By Michael Wursthorn

Morgan Stanley isn't sweating retirement rules set to take effect in June.

The New York bank played down the effects of the U.S. Labor Department's fiduciary rule, which requires brokers to put the interests of retirement savers ahead of their own, as it was delayed earlier this month after the Trump administration ordered an economic-impact review that may result in it being revised or rescinded.

The bank said that while the rule has had a chilling effect on recruiting, broker attrition has been low and the brokerage has been better able to retain and find talent."It's all been positive from that perspective," Jonathan Pruzan, Morgan Stanley's chief financial officer, said Wednesday while discussing first-quarter results with analysts. "We're prepared if it does go into effect."

Wall Street's biggest banks have either been mum on the fiduciary rule during this earnings season or, such as Morgan Stanley, said it hasn't had a detrimental impact on their businesses.

Then there is Merrill Lynch, which showed it is already capitalizing on changes it made to comply with the rule, specifically moving most of its retirement-saving clients who pay commissions to accounts that charge a fee based on a percentage of the assets. The Bank of America Corp. brokerage unit says fee-based accounts are better suited to minimize risks, but they also shield the firm from the rule's more onerous requirements.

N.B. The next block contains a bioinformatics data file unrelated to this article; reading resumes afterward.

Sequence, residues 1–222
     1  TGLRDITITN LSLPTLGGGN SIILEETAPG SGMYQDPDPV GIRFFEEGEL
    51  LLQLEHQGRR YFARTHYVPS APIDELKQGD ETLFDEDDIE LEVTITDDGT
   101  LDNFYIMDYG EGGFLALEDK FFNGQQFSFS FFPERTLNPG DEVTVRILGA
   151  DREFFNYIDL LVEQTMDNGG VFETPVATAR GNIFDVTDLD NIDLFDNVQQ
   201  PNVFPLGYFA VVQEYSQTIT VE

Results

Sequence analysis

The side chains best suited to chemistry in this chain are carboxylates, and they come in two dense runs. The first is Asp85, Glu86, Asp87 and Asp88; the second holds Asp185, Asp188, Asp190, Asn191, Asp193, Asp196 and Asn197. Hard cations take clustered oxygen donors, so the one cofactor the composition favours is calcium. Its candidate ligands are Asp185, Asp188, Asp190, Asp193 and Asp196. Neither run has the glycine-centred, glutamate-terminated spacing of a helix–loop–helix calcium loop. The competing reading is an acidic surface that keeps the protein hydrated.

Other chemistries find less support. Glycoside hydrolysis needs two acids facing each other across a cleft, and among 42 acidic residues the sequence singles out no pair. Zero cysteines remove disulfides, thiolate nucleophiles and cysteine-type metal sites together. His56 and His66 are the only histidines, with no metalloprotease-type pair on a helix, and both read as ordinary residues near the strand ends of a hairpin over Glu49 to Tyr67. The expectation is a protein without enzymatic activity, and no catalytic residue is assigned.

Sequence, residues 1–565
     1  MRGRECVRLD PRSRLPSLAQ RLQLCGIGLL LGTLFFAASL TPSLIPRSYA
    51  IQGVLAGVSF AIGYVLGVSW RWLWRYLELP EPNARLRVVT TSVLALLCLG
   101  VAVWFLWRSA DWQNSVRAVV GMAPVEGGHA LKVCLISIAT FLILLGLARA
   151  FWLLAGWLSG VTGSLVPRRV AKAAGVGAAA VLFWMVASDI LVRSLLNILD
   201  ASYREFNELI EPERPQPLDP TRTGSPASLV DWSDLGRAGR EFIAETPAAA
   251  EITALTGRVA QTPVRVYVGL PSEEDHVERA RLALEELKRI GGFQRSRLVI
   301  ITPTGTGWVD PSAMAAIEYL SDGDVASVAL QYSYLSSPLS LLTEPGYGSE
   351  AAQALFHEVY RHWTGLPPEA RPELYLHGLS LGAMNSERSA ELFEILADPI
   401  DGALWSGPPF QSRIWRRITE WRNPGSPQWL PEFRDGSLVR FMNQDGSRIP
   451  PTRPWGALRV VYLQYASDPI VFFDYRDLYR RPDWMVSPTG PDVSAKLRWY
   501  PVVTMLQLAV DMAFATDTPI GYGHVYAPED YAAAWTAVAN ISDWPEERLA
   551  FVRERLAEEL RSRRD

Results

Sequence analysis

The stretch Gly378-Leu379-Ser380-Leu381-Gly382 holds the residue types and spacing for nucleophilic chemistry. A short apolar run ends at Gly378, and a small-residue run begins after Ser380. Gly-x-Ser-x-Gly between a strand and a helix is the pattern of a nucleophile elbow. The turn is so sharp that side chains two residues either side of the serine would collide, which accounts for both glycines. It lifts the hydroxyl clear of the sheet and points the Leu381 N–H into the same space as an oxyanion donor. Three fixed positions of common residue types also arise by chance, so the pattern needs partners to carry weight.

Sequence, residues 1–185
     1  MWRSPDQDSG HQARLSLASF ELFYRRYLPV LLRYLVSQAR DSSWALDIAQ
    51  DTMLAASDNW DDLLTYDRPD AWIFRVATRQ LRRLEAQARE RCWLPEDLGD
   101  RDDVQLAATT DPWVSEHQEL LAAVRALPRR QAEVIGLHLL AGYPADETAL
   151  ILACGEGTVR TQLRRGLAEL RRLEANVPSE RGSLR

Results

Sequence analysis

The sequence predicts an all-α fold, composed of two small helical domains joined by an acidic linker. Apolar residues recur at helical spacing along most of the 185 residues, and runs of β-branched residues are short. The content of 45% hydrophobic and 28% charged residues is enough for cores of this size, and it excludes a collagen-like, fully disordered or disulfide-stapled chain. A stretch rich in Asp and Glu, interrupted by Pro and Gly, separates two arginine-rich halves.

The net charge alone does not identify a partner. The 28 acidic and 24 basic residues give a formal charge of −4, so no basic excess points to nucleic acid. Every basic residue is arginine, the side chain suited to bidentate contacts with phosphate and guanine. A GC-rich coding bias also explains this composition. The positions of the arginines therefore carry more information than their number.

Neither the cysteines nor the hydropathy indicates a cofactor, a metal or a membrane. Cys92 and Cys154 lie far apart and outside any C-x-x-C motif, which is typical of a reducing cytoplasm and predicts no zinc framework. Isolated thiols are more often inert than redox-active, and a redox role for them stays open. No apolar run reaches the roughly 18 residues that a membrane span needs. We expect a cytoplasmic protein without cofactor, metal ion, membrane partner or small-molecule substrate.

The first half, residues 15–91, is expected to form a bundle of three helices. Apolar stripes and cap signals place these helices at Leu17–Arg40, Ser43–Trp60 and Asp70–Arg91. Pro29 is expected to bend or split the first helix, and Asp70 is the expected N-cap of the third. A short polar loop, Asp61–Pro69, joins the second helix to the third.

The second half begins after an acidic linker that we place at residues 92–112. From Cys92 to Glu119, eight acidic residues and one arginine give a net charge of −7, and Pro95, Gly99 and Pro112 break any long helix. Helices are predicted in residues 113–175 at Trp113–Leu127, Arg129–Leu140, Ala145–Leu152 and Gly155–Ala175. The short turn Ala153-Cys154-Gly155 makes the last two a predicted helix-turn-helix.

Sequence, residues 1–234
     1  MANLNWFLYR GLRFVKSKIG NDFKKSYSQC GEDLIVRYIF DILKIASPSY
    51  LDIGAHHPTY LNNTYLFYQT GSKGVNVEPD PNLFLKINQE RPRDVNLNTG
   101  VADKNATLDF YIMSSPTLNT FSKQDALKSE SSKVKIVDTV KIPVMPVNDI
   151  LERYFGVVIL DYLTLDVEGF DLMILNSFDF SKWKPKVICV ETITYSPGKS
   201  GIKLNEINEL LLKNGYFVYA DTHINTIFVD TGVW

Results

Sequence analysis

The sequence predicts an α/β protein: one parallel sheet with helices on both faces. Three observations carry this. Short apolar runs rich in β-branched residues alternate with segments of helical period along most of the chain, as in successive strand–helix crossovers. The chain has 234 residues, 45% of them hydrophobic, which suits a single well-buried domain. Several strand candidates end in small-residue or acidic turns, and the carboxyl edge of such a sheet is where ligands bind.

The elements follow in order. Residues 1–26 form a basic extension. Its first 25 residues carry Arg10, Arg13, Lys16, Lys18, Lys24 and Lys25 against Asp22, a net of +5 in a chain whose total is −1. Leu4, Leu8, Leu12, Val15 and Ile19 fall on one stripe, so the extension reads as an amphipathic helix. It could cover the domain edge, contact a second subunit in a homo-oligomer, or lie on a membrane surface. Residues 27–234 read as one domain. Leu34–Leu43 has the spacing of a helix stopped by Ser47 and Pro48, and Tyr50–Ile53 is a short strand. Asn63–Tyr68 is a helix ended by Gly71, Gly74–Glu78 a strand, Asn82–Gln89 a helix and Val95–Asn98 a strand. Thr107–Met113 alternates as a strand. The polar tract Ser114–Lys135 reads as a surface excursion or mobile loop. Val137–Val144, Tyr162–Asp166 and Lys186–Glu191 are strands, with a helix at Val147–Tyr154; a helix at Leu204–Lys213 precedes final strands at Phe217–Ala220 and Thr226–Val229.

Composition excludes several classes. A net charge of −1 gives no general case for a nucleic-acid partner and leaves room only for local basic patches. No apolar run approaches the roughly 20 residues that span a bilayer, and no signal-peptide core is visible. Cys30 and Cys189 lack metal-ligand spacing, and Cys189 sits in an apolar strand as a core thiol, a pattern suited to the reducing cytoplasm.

Mr. Pruzan reiterated Wednesday that Morgan Stanley will continue to offer commissions as a payment option to retirement savers. Executives at the firm, however, have said such accounts would likely carry some sales restrictions, such as around annuities, because of the rule's restrictions on compensation incentives.

Still, Morgan Stanley, like Merrill and others, continue to collect billions of dollars in new fee-based assets, boosting the wealth-management unit's revenue.

In the first quarter, Morgan Stanley's wealth unit reported $4.06 billion in revenue, up 11% from the year-earlier period, on higher asset-based fees and commissions. Net income for the unit rose 31% from last year, to $647 million. The unit's pretax profit margin, a key performance metric, rose 3 percentage points from last year, to 24%.

Morgan Stanley collected $18.8 billion in new fee-based assets through the first three months of the year, pushing its stockpile to a record $927 billion. Of the unit's $2.2 trillion in client assets, about 42% residein fee-based accounts, up from 40% a year-earlier.

"We've had good momentum," Mr. Pruzan told analysts, adding that the shift toward collecting more fees away from commissions continues.

More broadly, Morgan Stanley beat Wall Street estimates after reporting a profit of $1.93 billion on revenue of $9.75 billion.

Write to Michael Wursthorn at Michael.Wursthorn@wsj.com

(END) Dow Jones Newswires

April 19, 2017 12:10 ET (16:10 GMT)

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